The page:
For two hours, the young players received teaching on pitching, catching, baserunning, hitting and life skills. After the clinic, they had a chance to get autographs and have pictures taken with the Major League alumni.
"It was fun," said Todd, who pitched for the New York Mets and Toronto Blue Jays from 1977-81. "I love the enthusiasm of the kids. If there's one thing I would like them to take away from today, it would be to be dedicated and work hard.
"The kids were great, and I liked that we had a few girls turn out."
One of those was Brooke Niver, 12, a student at Tulsa's School of Saint Mary.
"The thing I liked most was meeting all of the former players," Niver said. "I don't pitch, but I learned about pitching. They told us never to give up on your dreams, and that's what I will try to do."
You never know what will happen or what you'll see at a Legends for Youth Clinic. Many of the youths got their first look at a Montreal Expos uniform, which was being worn by Rogers, who from 1973-85 won 158 games -- still the most in the history of that franchise that relocated to Washington in 2005.
The smaller turnout did enable those who did attend to receive more individualized instruction than is normal at a Legends clinic, which usually draws from 150 to 350 participants. More than a hundred clinics are scheduled across the United States and in other countries this year.
"It does help one-on-one, but we would've loved to have seen more kids on the field interacting with us," said Rogers, who is on the Major League Baseball Alumni board. "Clinics are about being down on the field with kids who want to be on the field and interacting with them.
"We can give them a sense of what's important, get them to focus on some basics and what you can work on to become a better player. But it's really about talking about the love of the sport and that playing it correctly is what makes it most fun. I'm 64 years old, but I want them to know that I love the game you guys love to play as much as I do."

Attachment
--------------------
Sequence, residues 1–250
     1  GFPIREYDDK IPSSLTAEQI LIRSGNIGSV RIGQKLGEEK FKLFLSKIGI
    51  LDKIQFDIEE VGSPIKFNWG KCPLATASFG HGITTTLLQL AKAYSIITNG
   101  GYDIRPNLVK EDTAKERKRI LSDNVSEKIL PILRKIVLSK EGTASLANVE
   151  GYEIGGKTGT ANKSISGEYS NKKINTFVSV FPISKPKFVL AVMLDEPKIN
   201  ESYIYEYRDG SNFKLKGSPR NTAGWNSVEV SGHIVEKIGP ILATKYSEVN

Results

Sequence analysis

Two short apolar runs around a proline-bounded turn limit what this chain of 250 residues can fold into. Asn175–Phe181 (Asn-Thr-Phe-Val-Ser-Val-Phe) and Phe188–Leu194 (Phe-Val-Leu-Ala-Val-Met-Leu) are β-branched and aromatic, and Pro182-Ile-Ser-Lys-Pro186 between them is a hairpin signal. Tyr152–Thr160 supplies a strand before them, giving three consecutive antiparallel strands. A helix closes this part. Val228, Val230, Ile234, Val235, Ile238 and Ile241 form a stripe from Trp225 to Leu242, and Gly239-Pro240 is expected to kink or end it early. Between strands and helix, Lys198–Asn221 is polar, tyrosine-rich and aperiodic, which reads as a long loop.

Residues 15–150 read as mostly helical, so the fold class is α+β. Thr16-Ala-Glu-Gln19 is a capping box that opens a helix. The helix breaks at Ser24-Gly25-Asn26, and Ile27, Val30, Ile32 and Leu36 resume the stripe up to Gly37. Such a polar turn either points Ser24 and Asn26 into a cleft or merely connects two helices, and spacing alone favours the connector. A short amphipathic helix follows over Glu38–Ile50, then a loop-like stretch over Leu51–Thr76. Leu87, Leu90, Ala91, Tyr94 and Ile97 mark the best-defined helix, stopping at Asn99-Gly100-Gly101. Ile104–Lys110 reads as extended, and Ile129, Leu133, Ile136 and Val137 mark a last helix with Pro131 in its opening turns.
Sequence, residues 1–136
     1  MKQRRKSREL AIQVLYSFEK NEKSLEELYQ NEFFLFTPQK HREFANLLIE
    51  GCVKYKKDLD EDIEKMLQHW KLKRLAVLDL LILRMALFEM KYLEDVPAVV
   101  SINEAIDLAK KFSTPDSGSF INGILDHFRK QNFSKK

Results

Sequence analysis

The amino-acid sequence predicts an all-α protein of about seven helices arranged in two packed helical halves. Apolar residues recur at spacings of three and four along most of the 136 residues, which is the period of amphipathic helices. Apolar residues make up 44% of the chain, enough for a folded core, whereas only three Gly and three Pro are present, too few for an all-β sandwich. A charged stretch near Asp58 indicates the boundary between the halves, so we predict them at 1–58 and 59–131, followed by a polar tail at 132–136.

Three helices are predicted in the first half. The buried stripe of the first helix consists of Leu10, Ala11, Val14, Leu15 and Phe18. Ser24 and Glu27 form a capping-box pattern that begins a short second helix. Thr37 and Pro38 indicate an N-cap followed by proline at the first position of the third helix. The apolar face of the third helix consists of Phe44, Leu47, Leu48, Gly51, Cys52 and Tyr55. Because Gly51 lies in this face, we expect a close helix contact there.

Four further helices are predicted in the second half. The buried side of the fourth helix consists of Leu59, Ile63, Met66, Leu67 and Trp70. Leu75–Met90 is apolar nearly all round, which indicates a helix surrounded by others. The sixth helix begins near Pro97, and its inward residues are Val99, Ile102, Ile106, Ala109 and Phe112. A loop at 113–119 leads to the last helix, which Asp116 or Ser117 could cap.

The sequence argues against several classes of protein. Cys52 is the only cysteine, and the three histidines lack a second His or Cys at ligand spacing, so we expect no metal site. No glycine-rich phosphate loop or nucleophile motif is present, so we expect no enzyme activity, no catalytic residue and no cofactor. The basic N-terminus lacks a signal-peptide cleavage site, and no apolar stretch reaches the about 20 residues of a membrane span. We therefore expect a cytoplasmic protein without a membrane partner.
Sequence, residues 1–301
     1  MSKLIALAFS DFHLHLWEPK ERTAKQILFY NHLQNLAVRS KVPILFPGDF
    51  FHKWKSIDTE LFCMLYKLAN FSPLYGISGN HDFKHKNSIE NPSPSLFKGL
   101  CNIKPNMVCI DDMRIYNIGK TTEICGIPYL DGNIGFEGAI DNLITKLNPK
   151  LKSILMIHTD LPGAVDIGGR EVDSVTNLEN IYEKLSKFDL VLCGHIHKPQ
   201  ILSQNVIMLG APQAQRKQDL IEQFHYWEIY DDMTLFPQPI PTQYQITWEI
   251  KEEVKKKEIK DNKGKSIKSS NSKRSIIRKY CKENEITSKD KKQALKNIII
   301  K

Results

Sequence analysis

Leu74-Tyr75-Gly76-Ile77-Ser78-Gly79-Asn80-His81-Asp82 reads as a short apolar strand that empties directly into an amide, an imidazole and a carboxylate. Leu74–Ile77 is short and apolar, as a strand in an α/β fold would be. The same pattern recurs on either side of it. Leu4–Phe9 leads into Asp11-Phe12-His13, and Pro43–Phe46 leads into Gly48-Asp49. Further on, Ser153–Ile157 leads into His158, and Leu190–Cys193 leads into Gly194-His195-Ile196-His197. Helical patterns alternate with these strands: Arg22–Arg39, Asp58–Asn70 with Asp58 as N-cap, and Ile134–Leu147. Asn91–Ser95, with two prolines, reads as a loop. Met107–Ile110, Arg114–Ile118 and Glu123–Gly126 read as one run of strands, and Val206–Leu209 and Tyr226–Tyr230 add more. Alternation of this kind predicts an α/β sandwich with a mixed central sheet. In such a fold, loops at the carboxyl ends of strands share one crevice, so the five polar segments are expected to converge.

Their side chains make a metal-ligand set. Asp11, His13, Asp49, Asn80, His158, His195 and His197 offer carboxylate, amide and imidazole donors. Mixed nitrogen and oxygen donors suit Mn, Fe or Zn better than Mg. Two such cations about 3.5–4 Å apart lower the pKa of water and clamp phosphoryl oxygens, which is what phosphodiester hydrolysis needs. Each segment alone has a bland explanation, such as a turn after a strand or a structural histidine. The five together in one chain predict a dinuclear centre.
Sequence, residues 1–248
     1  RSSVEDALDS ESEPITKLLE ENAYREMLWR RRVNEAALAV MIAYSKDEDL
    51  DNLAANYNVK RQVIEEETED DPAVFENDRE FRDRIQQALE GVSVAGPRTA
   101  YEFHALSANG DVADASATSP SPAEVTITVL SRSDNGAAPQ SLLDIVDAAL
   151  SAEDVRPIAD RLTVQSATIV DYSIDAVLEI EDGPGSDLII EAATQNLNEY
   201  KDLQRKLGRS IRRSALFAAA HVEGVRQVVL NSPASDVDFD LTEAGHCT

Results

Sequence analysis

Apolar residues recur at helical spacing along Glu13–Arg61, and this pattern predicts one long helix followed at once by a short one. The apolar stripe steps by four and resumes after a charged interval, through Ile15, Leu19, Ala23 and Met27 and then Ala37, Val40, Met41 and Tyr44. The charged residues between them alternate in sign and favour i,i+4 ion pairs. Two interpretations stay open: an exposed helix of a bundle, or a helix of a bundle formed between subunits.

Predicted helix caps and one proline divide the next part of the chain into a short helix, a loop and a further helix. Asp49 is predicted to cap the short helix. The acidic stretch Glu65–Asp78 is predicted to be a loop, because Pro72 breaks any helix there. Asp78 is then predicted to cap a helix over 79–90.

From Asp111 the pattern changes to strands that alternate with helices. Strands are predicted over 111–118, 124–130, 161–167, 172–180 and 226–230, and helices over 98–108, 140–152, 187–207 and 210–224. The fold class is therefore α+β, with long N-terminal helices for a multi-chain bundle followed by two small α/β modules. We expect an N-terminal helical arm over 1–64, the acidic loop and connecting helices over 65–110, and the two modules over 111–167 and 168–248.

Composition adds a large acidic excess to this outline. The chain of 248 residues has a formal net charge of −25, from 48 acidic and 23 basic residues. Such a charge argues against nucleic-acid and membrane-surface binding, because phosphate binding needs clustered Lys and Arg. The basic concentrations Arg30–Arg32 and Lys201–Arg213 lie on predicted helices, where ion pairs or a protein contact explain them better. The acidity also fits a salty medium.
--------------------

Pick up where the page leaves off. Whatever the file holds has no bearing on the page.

Rogers then added with a laugh, "But I just can't play it much anymore."
Connor Leach, 10, from Glenpool, Okla., liked most "meeting the retired baseball players and learning never to give up."
Trent Sweeney, a 10-year-old second baseman from Sand Springs, Okla., enjoyed getting tips on his batting stance and learning how to throw correctly.
"They told us having fun is important," Sweeney said.
Sweeney's teammate, Cade Surrett, said, "I learned how throw from a windup, It was really fun." Fun is something that Wrona, a catcher with the Cubs, Reds, White Sox and Brewers from 1988-94, stresses whenever he speaks to kids.
"I didn't hear that a lot when I was growing up, but I had fun," said Wrona, whose father Walt, was a Minor League catcher and a popular player with the Tulsa Oilers from 1948-51. "You've got to have fun and a passion for the game. Baseball can be a difficult game, and if a coach is screaming at you and you're not having fun, that's going to lead kids to quit. This was a good time to tell the kids to have fun playing baseball.
"My dad gave so much back, and I want to do the same thing. Baseball has given me everything in life. It's fun working with kids."
Bowling, a former Toronto and Milwaukee Brewers outfielder, enjoys being at youth clinics.
"We, as alumni, need to try to give back to the game," Bowling said. "We miss out if we don't give back and spend time with kids. This is a good opportunity to reach out to them."
Crawford, who pitched for Boston and Kansas City from 1980-91, wishes he could have had an opportunity as a youngster to learn from former Major Leaguers.
"I think this helps out kids, and I think they should take advantage of it," Crawford said. "I never had the chance for this type of instruction. I think if they can get one thing out of a clinic, then we've done our job."
For 10-year-old Mikah Roberts of Sand Springs, that one thing was a pitching tip from Crawford.
"I learned about balance, and that's going to make me a better pitcher," Roberts said.